U.S. Tax Policy and Health Insurance Demand: Can a Regressive Policy Improve Welfare?
Karsten Jeske and Sagiri Kitao
Working Paper 2007-13
The U.S. tax policy on health insurance is regressive because it favors only those offered group insurance through their employers, who tend to have a relatively high income. Moreover, the subsidy takes the form of deductions from the progressive income tax system, giving high-income earners a larger subsidy. To understand the effects of the policy, we construct a dynamic general equilibrium model with heterogenous agents and an endogenous demand for health insurance. We use the Medical Expenditure Panel Survey to calibrate the process for income, health expenditures, and health insurance offer status through employers and succeed in matching the pattern of insurance demand as observed in the data. We find that despite the regressiveness of the current policy, a complete removal of the subsidy would result in a partial collapse of the group insurance market, a significant reduction in the insurance coverage, and a reduction in welfare coverage. There is, however, room for raising the coverage and significantly improving welfare by extending a refundable credit to the individual insurance market.
JEL classification: E21, E62, I10
Key words: health insurance, risk sharing, tax policy, adverse selection
The authors thank Thomas Sargent, Gianluca Violante, and seminar participants at the Atlanta Fed, the Chicago Fed, Columbia Business School, Duke University, the European Central Bank, the German Macro Workshop, the University of Illinois at Urbana-Champaign, the University of Michigan, the University of Maryland, New York University, New York University’s Stern School of Business, the University of Pennsylvania, the 2006 Society for Economic Dynamics meetings, the University of Tokyo, the University of Southern California’s Marshall School of Business, and the University of Western Ontario for helpful comments. They also thank Katie Hsieh for research assistance. The views expressed here are the authors’ and not necessarily those of the Federal Reserve Bank of Atlanta or the Federal Reserve System. Any remaining errors are the authors’ responsibility.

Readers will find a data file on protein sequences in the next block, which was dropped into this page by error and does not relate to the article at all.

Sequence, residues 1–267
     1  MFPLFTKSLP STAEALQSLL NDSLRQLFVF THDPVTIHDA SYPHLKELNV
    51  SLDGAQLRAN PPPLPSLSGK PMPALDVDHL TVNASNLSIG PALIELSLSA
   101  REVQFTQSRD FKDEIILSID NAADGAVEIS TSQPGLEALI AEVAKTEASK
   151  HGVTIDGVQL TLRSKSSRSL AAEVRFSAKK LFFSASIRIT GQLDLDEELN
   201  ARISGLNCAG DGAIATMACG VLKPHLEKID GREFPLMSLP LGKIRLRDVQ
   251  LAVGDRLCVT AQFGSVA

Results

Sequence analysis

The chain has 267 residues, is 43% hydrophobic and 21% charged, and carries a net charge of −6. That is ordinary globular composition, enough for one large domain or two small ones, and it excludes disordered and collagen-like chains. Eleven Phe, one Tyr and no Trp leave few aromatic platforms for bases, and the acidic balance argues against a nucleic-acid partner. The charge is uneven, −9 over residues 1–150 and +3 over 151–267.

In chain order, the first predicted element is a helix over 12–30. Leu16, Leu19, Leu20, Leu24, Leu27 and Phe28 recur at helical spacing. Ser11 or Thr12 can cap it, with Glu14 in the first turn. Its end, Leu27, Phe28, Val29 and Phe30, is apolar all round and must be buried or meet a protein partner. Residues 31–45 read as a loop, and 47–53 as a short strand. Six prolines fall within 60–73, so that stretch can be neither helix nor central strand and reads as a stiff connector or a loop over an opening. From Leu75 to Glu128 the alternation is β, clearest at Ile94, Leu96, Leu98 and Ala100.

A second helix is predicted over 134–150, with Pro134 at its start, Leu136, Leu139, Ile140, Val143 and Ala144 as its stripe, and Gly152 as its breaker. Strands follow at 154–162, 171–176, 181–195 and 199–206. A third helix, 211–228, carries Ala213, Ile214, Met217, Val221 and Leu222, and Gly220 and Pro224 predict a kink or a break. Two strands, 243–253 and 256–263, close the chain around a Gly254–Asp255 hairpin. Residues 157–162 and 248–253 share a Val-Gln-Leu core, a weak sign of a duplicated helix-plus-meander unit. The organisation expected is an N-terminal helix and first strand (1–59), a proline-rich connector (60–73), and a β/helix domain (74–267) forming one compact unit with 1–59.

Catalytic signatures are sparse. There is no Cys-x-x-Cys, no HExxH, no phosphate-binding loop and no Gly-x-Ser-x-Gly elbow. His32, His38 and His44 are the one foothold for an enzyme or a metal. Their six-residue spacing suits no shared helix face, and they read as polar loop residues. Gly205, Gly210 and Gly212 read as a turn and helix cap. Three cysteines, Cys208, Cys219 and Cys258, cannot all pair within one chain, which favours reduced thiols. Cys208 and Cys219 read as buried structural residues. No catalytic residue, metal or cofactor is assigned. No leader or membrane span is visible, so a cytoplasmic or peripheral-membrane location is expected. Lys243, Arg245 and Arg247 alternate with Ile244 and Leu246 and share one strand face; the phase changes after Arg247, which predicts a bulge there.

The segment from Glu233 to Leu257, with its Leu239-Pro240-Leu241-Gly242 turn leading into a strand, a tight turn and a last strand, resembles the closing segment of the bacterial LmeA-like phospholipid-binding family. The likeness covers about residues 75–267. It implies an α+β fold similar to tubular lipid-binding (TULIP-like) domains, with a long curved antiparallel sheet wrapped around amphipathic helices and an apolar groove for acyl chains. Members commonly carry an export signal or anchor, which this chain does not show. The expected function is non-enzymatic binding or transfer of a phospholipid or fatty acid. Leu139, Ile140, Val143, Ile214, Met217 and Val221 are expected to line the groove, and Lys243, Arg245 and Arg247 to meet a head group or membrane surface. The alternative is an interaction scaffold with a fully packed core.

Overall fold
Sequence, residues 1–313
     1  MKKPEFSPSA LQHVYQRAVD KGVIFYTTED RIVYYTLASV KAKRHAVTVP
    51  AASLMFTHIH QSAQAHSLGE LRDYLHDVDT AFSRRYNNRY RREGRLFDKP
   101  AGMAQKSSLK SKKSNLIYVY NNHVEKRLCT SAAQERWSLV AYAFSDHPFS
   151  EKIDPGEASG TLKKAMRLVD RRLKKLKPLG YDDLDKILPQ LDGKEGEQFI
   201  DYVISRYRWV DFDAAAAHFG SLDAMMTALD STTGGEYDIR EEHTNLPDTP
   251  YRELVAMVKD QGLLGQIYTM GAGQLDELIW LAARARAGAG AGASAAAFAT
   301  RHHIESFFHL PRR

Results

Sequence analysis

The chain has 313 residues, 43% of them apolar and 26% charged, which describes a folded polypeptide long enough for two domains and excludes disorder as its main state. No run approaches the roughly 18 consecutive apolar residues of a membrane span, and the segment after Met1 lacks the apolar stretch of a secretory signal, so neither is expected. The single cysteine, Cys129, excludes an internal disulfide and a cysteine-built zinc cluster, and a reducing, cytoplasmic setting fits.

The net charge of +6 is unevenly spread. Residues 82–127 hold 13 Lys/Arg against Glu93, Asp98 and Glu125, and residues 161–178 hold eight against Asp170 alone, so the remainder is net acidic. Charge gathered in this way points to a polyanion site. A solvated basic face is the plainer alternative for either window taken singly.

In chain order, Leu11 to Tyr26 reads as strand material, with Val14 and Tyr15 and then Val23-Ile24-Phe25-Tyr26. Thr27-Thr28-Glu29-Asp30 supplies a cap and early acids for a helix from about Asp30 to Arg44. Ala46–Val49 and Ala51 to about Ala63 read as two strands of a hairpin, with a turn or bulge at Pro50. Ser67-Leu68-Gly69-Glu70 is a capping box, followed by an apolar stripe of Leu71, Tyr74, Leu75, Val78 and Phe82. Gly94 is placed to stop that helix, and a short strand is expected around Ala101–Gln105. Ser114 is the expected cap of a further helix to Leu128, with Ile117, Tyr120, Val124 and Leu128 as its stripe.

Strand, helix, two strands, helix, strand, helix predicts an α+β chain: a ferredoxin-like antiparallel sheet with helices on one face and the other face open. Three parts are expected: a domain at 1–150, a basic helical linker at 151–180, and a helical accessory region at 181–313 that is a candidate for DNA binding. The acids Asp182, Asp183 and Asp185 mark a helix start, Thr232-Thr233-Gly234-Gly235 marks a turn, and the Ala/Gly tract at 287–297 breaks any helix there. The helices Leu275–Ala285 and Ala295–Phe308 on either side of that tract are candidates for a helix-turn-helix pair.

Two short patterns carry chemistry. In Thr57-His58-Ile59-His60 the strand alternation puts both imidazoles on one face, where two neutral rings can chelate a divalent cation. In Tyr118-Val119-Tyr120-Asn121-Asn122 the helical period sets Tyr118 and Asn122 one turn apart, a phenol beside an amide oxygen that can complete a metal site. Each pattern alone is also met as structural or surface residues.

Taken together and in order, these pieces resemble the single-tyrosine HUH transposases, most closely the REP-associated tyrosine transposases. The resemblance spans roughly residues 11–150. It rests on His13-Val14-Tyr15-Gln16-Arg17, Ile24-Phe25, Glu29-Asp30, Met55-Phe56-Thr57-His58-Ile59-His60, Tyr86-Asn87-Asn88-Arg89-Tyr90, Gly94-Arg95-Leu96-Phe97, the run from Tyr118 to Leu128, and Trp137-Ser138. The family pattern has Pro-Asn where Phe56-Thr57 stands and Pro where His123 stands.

Please address questions regarding content to Karsten Jeske, Research Department, Federal Reserve Bank of Atlanta, 1000 Peachtree Street, N.E., Atlanta, GA 30309-4470, 404-498-8825, firstname.lastname@example.org, or Sagiri Kitao, Department of Economics, New York University, 19 West Fourth Street, New York, NY 10012, 212-998-8900, email@example.com.
For further information, contact the Public Affairs Department, Federal Reserve Bank of Atlanta, 1000 Peachtree Street, N.E., Atlanta, Georgia 30309-4470, 404-498-8020.